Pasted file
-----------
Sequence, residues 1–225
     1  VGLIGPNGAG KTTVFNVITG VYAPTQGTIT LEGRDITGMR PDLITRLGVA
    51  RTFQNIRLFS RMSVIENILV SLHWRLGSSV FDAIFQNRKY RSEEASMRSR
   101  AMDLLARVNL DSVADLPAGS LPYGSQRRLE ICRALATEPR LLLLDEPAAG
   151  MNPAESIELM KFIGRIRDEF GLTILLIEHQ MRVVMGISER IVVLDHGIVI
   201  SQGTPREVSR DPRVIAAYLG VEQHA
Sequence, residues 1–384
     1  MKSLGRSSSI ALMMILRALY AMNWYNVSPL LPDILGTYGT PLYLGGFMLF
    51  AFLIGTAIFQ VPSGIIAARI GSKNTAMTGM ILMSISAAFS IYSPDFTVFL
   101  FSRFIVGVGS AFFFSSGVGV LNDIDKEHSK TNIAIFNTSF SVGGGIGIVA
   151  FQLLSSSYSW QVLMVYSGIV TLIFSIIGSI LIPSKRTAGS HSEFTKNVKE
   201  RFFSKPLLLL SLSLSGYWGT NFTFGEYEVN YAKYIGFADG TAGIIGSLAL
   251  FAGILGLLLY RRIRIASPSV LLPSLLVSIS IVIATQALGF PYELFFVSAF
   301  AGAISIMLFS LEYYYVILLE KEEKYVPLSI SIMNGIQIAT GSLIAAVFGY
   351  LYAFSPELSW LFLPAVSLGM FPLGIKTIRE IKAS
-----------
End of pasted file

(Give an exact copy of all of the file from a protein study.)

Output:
Sequence, residues 1–225
     1  VGLIGPNGAG KTTVFNVITG VYAPTQGTIT LEGRDITGMR PDLITRLGVA
    51  RTFQNIRLFS RMSVIENILV SLHWRLGSSV FDAIFQNRKY RSEEASMRSR
   101  AMDLLARVNL DSVADLPAGS LPYGSQRRLE ICRALATEPR LLLLDEPAAG
   151  MNPAESIELM KFIGRIRDEF GLTILLIEHQ MRVVMGISER IVVLDHGIVI
   201  SQGTPREVSR DPRVIAAYLG VEQHA
Sequence, residues 1–384
     1  MKSLGRSSSI ALMMILRALY AMNWYNVSPL LPDILGTYGT PLYLGGFMLF
    51  AFLIGTAIFQ VPSGIIAARI GSKNTAMTGM ILMSISAAFS IYSPDFTVFL
   101  FSRFIVGVGS AFFFSSGVGV LNDIDKEHSK TNIAIFNTSF SVGGGIGIVA
   151  FQLLSSSYSW QVLMVYSGIV TLIFSIIGSI LIPSKRTAGS HSEFTKNVKE
   201  RFFSKPLLLL SLSLSGYWGT NFTFGEYEVN YAKYIGFADG TAGIIGSLAL
   251  FAGILGLLLY RRIRIASPSV LLPSLLVSIS IVIATQALGF PYELFFVSAF
   301  AGAISIMLFS LEYYYVILLE KEEKYVPLSI SIMNGIQIAT GSLIAAVFGY
   351  LYAFSPELSW LFLPAVSLGM FPLGIKTIRE IKAS